Now, in this case were you have a drop of water that is slowly evaporating, you don't have thermal equilibrium in the room. If you had thermal equilibrium, nothing could change in the room. The state of thermal equilibrium will only be reached if the drop has completely evaporated. If we want to describe the evaporation process, then merely specifying the macrostate of the room by specifying the total internal energy and volume won't suffice. We want to distinguish between different type of microstates corresponding to how far the drop has evaporated. This can be done by adding extra variables that keeps track of this evaporation process: the number of molecules in the drop of water N1, and the number of water molecules in the vapor phase N2. Since the evaporation proceeds slowly we can assume that at any given stage of the evaporation process all the microstates for fixed N1 and N2 are equally like, so we have thermal equilibrium in this restricted sense. The partial derivates of the entropy w.r.t. the number of molecules at fixed energy and volume is defined to be: dS/dNi = mu_i/T The mu_i are called chemical potentials. This then implis that the fundamental thermodynamic relation gets modified to: dE = T dS  P dV + mu1 dN1 + mu2 dN2 Then, if you read this section from wikipedia: http://en.wikipedia.org/wiki/Interna...nternal_energy you see that we can write E = T (S1 + S2)  P (V1+V2) + mu1(NN2) + mu2 N2 The total volume of V is written as V1 + V2 where V1 is the volume of the drop. N is the total number of water molecules. This equation combined with the ideal gas law for the vapor allows you to compute the pressure and temperature of the room after the drop has evaporated. 


#10
May2109, 07:43 AM

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Anyhow, the essential point is that your initial configuration is not an equilibrium configuration (again, unless there is 100% relative humidity), so what makes sense is to talk about how the entropy changes and how the free energy changes as equilibrium is approached. 


#11
May2109, 08:14 AM

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I see now that I made a few mistakes. I forgot to take into account that there is air in the room Also, the last equation I wrote becomes a trivial statement that the total energy is conserved. The whole problem can be simplified as follows. We start with N1 water molecules in the drop, we have N2 water molecules in the vapor and we have N3 air molecules. The total internal energy is always of the form:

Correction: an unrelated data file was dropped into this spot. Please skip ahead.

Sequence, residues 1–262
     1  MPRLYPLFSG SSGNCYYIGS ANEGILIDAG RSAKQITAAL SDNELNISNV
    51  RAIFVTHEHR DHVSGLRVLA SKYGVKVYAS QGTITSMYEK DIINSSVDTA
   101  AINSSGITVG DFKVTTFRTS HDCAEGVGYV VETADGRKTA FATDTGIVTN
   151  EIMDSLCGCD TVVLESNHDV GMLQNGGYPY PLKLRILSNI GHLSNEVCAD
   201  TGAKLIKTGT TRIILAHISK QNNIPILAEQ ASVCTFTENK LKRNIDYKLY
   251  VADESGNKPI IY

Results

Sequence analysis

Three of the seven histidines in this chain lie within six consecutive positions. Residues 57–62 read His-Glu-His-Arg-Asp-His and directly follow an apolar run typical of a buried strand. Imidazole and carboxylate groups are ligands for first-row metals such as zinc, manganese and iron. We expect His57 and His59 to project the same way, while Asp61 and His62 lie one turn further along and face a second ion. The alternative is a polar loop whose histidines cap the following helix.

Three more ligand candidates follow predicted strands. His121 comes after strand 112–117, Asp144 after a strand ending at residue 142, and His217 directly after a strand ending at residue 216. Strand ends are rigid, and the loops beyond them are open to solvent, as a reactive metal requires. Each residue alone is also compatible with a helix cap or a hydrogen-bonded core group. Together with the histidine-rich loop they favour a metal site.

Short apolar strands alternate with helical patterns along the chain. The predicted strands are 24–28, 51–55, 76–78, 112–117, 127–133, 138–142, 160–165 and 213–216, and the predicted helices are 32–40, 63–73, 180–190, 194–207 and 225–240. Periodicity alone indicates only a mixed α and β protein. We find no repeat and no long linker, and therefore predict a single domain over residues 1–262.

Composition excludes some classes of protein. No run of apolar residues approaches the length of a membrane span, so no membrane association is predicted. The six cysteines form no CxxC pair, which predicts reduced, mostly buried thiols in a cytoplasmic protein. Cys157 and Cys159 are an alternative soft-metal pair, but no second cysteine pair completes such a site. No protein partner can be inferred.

E(N1, N2,N3)= N1 e1(T,P) + N2 e2(T,P_vap) + N3 e3(T,P_air) because the internal energy is an extensive function. P_vap is the vapor pressure, P_air the patial pressure pof the air and P = P_vap + P_air. Conservation of energy and the ideal gas law for the air and the water vapor allows one to solve for the final pressure and temperature after the drop has completely evaporated. Note that e2 and e3 don't actually depend on their second arguments (the pressure) if we approximate the vapor and the air as ideal gasses. 


#12
May2109, 09:00 AM

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#13
May2109, 11:57 AM

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The process can be made more complex (small room, large drop), but the only real change is the number of terms we keep in the free energy change. Again, the essential point is that the starting configuration is not an equilibrium one, but a thermodynamic approach is still valid to model the approach to equilibrium. 


#14
May2109, 11:59 AM

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OK, I agree that the increase in pressure is small. Since fluidistic originally asked whether it's identically zero, however, I think it's important to emphasize that it's not.



#15
May2109, 05:41 PM

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#16
May2109, 05:51 PM

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#17
May2109, 05:58 PM

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...And I hope this part doesn't just add confusion, but since the average temperature of the water is not high enough for boiling, when a water molecule is driven off, the average kinetic energy of the drop decreases, so the temperature of the drop falls again. 


#18
May2109, 06:06 PM

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In your first post, you defined the system to include the drop of water and the room. The total enthalpy of this system is, in fact, constant. Now you are defining the drop of water alone as the system. The enthalpy of the drop of water is not constant. The drop of water extracts thermal energy from the air and converts it to chemical energy as it evaporates.